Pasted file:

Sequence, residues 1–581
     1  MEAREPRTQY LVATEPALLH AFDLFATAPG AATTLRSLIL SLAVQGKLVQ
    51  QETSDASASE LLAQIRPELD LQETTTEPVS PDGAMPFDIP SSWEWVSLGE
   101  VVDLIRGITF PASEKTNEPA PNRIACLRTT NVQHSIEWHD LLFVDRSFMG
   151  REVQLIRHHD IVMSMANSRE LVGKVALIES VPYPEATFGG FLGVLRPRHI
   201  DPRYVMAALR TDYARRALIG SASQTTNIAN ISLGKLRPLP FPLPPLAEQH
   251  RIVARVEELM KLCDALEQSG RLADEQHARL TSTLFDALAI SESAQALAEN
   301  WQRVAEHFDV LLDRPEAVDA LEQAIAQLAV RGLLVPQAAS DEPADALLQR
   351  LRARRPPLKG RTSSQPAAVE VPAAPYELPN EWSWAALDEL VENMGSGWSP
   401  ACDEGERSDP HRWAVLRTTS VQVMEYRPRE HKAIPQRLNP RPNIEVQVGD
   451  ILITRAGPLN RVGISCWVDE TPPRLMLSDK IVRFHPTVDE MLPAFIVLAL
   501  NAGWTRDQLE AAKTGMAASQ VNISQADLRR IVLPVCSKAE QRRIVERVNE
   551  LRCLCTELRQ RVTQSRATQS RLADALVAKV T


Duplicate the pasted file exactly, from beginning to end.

Sequence, residues 1–581
     1  MEAREPRTQY LVATEPALLH AFDLFATAPG AATTLRSLIL SLAVQGKLVQ
    51  QETSDASASE LLAQIRPELD LQETTTEPVS PDGAMPFDIP SSWEWVSLGE
   101  VVDLIRGITF PASEKTNEPA PNRIACLRTT NVQHSIEWHD LLFVDRSFMG
   151  REVQLIRHHD IVMSMANSRE LVGKVALIES VPYPEATFGG FLGVLRPRHI
   201  DPRYVMAALR TDYARRALIG SASQTTNIAN ISLGKLRPLP FPLPPLAEQH
   251  RIVARVEELM KLCDALEQSG RLADEQHARL TSTLFDALAI SESAQALAEN
   301  WQRVAEHFDV LLDRPEAVDA LEQAIAQLAV RGLLVPQAAS DEPADALLQR
   351  LRARRPPLKG RTSSQPAAVE VPAAPYELPN EWSWAALDEL VENMGSGWSP
   401  ACDEGERSDP HRWAVLRTTS VQVMEYRPRE HKAIPQRLNP RPNIEVQVGD
   451  ILITRAGPLN RVGISCWVDE TPPRLMLSDK IVRFHPTVDE MLPAFIVLAL
   501  NAGWTRDQLE AAKTGMAASQ VNISQADLRR IVLPVCSKAE QRRIVERVNE
   551  LRCLCTELRQ RVTQSRATQS RLADALVAKV T